chipper move

Following Google, Apple, Infineon plugs into smart speaker boom

High-tech Sensor And Semiconductor Manufacture At Infineon Technologies AG Factory And Clean Rooms
Sensors and sensibility. Source: Bloomberg

Digital assistants are hot, but they only understand half of what they are told, for example if they can’t place an accent, or several people are talking at once. If the TV is running in the background, forget it.

Infineon is trying to help. Germany’s biggest chipmaker plans to ride the boom in intelligent speakers like Amazon Echo or Google Home which are expected to see sales growth of 30 to 50 percent per year.

Infineon already supplies the US internet giants with core components for the modern voice-activated assistants. It will present a new system at next week’s Mobile World Congress in Barcelona that will make the speakers better at discerning when they’re being spoken to.

Current voice assistants only get 50 percent of all that they hear, Andreas Urschitz, head of Infineon’s Power Management & Multimarket division, told Handelsblatt. It’s especially difficult for them when there are several people in the room, but he said with Infineon’s new system, it will no longer be necessary for people to utter key words like “Alexa” to wake up Amazon’s smart speaker.

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The current speakers can be entertainingly unreliable. There are examples of misunderstandings such as Amazon Echo trying to order dollhouses after a US TV program contained the fatal words “Alexa ordered me a dollhouse.” Echo devices placed near TVs responded to the phrase, but did not actually place orders, unless someone confirmed them by saying “Yes.”

Infineon’s microchips enable the speakers to understand voice commands. The company is using a combination of radar chips and microphones to allow systems to identify where a command is coming from. The current phones just respond to the loudest sound. But Infineon’s radar chips determine the location of the person speaking. Using that information, the microphone can pinpoint the person and follow him or her around if they are moving.

“The better the gadgets work, the more they will be used,” Mr. Urschitz told Handelsblatt. The outlook is good: Market research firm IHS predicts that global sales of intelligent speakers will reach 39 million units this year. That’s not a lot compared with the 1.4 billion smartphones sold last year, but it is a 50 percent rise from 2017. Amazon and Google dominate the market, with Amazon well in the lead for now.

The wave is only just beginning, according to IHS analyst Paul Erickson. Competition will pick up this year, with millions of households buying units and many companies launching speakers compatible with the Amazon and Google systems, giving customers greater choice of price, design and quality, he said.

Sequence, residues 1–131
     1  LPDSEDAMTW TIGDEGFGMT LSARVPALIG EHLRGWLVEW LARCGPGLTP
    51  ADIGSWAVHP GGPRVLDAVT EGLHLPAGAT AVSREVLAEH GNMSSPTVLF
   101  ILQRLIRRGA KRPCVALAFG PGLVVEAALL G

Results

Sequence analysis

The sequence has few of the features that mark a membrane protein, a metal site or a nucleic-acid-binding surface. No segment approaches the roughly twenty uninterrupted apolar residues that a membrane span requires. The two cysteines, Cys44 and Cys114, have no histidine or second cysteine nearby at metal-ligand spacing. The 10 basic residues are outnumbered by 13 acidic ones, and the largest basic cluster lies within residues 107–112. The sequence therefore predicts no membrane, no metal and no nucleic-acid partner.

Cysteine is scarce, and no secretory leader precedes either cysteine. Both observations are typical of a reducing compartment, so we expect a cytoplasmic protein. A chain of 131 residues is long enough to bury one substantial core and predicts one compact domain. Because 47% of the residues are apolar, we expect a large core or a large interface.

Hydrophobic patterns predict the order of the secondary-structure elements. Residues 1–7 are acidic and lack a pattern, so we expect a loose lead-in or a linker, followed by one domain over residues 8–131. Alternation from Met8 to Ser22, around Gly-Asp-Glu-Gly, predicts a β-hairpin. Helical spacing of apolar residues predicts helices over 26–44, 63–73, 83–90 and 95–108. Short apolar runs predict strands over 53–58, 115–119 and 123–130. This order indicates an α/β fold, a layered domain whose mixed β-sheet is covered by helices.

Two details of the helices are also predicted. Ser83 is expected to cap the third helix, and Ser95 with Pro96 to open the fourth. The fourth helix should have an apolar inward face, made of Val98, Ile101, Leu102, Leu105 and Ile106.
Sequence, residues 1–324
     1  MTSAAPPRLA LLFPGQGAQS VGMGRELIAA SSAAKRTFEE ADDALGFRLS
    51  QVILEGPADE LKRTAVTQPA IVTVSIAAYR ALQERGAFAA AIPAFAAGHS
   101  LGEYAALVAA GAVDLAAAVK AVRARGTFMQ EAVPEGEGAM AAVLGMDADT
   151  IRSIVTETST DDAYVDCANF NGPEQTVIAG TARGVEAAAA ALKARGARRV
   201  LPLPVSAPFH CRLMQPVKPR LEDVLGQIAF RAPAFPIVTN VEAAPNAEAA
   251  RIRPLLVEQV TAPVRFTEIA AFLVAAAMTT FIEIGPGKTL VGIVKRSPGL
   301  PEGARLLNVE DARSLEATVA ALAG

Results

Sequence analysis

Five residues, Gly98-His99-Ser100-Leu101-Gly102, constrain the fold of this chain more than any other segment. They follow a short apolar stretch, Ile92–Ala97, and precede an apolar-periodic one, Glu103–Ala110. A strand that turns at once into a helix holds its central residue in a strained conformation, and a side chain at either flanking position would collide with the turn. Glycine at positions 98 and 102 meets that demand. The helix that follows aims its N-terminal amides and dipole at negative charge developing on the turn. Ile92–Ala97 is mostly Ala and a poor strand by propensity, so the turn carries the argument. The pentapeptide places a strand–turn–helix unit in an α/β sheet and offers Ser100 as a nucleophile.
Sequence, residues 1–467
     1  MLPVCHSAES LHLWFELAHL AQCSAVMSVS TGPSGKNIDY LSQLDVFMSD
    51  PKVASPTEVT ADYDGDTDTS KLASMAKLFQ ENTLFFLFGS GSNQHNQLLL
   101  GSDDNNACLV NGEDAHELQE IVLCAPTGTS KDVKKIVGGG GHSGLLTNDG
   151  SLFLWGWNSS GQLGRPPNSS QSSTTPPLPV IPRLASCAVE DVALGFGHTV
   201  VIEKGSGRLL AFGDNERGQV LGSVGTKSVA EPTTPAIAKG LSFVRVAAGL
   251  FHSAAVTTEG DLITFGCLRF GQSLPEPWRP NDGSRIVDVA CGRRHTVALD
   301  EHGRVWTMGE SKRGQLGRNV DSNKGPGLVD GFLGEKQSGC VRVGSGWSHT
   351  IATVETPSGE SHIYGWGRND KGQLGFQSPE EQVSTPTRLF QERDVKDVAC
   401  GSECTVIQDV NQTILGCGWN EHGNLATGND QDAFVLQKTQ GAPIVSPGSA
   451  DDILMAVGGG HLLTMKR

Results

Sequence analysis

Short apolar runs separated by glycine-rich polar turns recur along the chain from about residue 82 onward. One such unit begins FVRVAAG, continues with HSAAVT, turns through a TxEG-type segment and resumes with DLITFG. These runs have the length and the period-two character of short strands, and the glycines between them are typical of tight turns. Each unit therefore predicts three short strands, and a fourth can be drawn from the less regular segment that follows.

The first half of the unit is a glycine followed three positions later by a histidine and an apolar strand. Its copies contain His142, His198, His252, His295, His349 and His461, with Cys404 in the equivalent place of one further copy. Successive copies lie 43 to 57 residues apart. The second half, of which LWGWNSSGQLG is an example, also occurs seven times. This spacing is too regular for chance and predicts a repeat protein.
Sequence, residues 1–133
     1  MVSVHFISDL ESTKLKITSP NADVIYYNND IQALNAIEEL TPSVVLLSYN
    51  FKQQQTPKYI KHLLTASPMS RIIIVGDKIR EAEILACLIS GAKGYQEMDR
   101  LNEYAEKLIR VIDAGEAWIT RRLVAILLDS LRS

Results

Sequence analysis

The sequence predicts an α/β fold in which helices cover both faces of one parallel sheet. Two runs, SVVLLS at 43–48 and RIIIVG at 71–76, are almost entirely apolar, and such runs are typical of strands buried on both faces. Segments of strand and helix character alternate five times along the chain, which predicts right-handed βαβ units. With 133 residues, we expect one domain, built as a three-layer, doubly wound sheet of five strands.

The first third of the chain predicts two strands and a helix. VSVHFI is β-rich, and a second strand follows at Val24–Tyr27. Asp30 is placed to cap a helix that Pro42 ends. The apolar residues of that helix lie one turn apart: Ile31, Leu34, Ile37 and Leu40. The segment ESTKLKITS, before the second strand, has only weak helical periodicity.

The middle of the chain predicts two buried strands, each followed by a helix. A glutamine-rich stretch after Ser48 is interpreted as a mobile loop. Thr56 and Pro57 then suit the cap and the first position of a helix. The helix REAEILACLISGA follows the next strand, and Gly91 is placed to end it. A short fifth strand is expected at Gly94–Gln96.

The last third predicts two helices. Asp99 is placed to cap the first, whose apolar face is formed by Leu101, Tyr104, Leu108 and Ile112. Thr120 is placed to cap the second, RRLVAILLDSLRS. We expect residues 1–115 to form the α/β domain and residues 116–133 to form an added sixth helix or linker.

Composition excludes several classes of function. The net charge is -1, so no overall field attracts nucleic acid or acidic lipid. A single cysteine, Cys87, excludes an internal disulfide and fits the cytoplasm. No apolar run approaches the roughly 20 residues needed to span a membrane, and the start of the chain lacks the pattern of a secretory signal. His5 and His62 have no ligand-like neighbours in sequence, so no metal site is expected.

The market may still be small, but Infineon wants to get into it because it offers the momentum needed to deliver the 8 percent annual average growth CEO Reinhard Ploss has promised investors.

That won’t be possible without new customers because most of the industries Infineon supplies to aren’t growing particularly strongly. Smartphone makers, the company’s most important customers, last year increased their sales by just 3 percent. Smart speakers are one new growth market. Robots and drones are two others.

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The smart speakers are just the beginning, said IHS. In the near future, billions of electrical appliances like televisions, thermostats or garage doors will be activated by voice.

Infineon is working to combine a variety of sensors to replicate all the human senses. A temperature and gas sensor can replace a smoke alarm, for example. “If an appliance can hear, smell, see and feel, it can register things that usually only humans can recognise,” said Mr. Urschitz.

According to analysts at Loup Ventures, Amazon, Google and Apple will dominate the smart speaker market in the coming years. Infineon doesn’t name its customers but it’s no secret that it supplies components to all three of them. Loup expects Google to overtake Amazon by 2022 and to clinch around half the market, with Amazon holding on to more than a third and Apple having 12 percent.

That doesn’t matter to Infineon as long as it keeps supplying all of them. But the market won’t be confined to the big three. Infineon could also supply other brands of speakers based on the software of Amazon, Google or Apple.

Speaker manufacturer Sonos has already integrated Amazon’s Alexa system. And Infineon is certified by Amazon, which sounds pretty good – even to Alexa.

Sha Hua is Handelsblatt’s China correspondent, based in Beijing. Joachim Hofer is Handelsblatt’s corresoindent in Munich. To contact the authors: s.hua@handelsblattgroup.com, j.hofer@handelsblattgroup.com

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